November 2010 Night Sky
The threat of an unknown asteroid or comet intersecting with Earth’s orbit has not gone unnoticed. Everywhere we look in the solar system, there is ample evidence for impacts large and small. Just look at our own Moon—it’s full of craters. Recently, there have been several media reports of near misses with asteroids.
The realization, late last century, caught the attention of the U.S. Congress and NASA. In 1998, NASA started the Spaceguard Survey. The idea was to locate 90 percent of the Near Earth Asteroids (NEA) larger than one-half mile in diameter before the end of 2008. In 1998, NASA also created a Near Earth Objects (NEO) Program Office. In 2003, a NASA study showed that it was both technically feasible and cost-effective to expand the Spaceguard Survey, using larger telescopes, to search for smaller asteroids lurking in a near Earth orbit.
Much of the efforts to find and track these Potentially Hazardous Asteroids (PHA) has been conduced in New Mexico near Socorro. There is a program there called the Lincoln Near-Earth Asteroid Research (LINEAR) project. Another telescope located in Hawaii also looks for PHA.
How many have of these potential troublemakers have we found? Scientists think we have seen most of the big ones that can cause catastrophic global damage. It’s the smaller ones that could cause significant local damage that now worry the sky watchers. They believe that we have found around 40 percent of those smaller than one-half mile in diameter.
According to NASA, our warning time before impact could be very short. “With so many of even the larger NEOs remaining undiscovered, the most likely warning today would be zero—the first indication of a collision would be the flash of light and the shaking of the ground as it hit. In contrast, if the current surveys actually discover a NEO on a collision course, we would expect many decades of warning. Any NEO that is going to hit the Earth will swing near our planet many times before it hits, and it should be discovered by comprehensive sky searches like Spaceguard. In almost all cases, we will either have a long lead time or none at all.” [Ref: http://impact.arc.nasa.gov/intro_faq.cfm] But the odds of that happening in any given year are very small: about one chance in 40,000.
This column has already told you of the “big rock” for my wife on our anniversary in 2029. On April 13, 2029, Apophis, about 1,000 feet in diameter, would pass inside the orbit of the geostationary satellites. If its trajectory happened to follow a very narrow corridor, this rock would return in 2036, again on April 13th, with its sights set squarely on Earth. The probability of this happening is again small.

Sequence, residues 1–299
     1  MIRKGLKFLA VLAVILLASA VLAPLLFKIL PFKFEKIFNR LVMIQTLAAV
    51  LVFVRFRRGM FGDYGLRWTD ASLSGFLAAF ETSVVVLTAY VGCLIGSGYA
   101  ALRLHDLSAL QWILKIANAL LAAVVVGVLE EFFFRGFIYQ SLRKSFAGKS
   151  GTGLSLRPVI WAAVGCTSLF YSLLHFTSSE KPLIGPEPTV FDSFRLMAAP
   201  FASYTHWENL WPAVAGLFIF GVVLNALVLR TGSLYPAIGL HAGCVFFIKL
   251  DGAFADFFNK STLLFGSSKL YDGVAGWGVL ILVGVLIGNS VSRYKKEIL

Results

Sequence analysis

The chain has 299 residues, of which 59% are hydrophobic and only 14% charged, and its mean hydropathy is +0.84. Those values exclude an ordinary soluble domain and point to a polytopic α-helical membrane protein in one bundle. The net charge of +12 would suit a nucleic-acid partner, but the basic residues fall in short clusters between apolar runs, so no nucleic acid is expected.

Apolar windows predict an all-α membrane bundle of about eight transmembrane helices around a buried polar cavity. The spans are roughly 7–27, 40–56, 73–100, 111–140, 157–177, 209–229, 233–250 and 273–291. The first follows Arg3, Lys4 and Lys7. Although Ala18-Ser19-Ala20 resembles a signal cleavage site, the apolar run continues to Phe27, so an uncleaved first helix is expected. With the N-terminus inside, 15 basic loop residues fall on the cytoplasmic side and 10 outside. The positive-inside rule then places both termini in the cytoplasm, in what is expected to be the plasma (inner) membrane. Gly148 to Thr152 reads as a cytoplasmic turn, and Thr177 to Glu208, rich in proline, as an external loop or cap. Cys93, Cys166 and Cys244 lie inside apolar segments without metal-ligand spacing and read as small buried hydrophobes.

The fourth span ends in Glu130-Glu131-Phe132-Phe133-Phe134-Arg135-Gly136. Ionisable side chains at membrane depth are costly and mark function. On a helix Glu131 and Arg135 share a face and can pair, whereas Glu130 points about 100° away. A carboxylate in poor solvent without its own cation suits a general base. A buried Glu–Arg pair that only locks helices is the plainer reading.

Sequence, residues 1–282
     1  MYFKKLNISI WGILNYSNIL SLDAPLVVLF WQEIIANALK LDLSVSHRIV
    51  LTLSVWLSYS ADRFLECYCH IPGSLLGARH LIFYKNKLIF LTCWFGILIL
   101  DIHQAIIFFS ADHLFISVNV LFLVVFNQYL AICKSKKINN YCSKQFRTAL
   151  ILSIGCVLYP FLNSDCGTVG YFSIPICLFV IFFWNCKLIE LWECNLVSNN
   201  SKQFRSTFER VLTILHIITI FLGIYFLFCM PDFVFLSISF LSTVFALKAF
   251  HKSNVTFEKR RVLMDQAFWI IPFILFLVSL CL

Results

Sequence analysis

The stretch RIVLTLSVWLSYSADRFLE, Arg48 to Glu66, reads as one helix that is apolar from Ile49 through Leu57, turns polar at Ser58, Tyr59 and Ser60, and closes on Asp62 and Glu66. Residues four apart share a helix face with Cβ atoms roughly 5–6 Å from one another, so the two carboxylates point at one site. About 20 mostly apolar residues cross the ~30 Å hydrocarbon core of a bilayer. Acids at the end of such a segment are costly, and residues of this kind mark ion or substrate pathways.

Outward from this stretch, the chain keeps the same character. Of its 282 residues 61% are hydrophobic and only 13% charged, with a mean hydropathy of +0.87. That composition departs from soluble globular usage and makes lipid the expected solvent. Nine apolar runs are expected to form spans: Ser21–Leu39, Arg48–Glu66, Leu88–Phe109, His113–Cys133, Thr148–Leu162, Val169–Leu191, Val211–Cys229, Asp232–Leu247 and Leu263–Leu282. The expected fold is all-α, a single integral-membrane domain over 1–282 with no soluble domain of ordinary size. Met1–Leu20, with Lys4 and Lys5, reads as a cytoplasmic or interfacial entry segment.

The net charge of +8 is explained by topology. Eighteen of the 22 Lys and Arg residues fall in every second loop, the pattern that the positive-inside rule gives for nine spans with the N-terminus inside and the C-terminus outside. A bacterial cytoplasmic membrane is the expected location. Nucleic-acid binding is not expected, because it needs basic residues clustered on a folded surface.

As of October 20, we know of 1,155 PHAs. And we are finding more all the time. Just a year ago, the count was 1078, and two years ago we only knew about 990 PHAs. On October 7, 2008, asteroid 2008 TC3, a rock only 10 feet in diameter, actually impacted us. The reports indicated the meteor mostly burned up in the atmosphere somewhere over northern Sudan. Just recently, on October12, 2010, asteroid 2010 TD54 (discovered October 9) missed Earth by only 23,900 miles. This one was only 23 feet across and would not have caused any damage. And on September 8, 2010, asteroid 2010 RF12, at 30 feet across, missed us by 47,000 miles.
Fortunately for us, NASA does not believe there are any really big asteroids heading our way. Even Apophis has a low risk of impact. So in reality, there is no real need to worry about the recent reports of close encounters with space rocks.
The Planets and Moon
- Don’t look for Mercury this month; it’s hiding in the sun’s glare.
- Venus will be appearing in the east before sunrise. Look about 15 minutes before sunrise on the 4th, using binoculars to see a dim, but beautiful thin crescent shape, then even earlier in the morning as the month progresses. Venus will be very bright after the 10th. Look on the 5th for the waxing crescent Moon to be just below Venus.
- Look low in the west just after sunset for Mars. It will be disappearing into the sun by month’s end. Look for the waxing Moon on the 7th. In the fading glow of the sun, just 25 minutes after sunset, you’ll find Mars 2.5 degrees to the upper right of the Moon. Antares will be on the horizon just below the Moon.
- Jupiter will be high and bright in the night sky after sunset. On the 15th, look for Jupiter seven degrees to the lower left of the Moon.
- Saturn rises in the early morning hours this month. Look one hour before sunrise on the 3rd for Saturn 10 degrees to the left of the waxing Moon.
- Feeling lucky? Try finding Uranus using good binoculars or a telescope. It will be to the upper left of Jupiter. On the 15th, the Moon, Jupiter, and Uranus form a nice tight triangle.
- The Moon is new on the 6th and full on the 21st.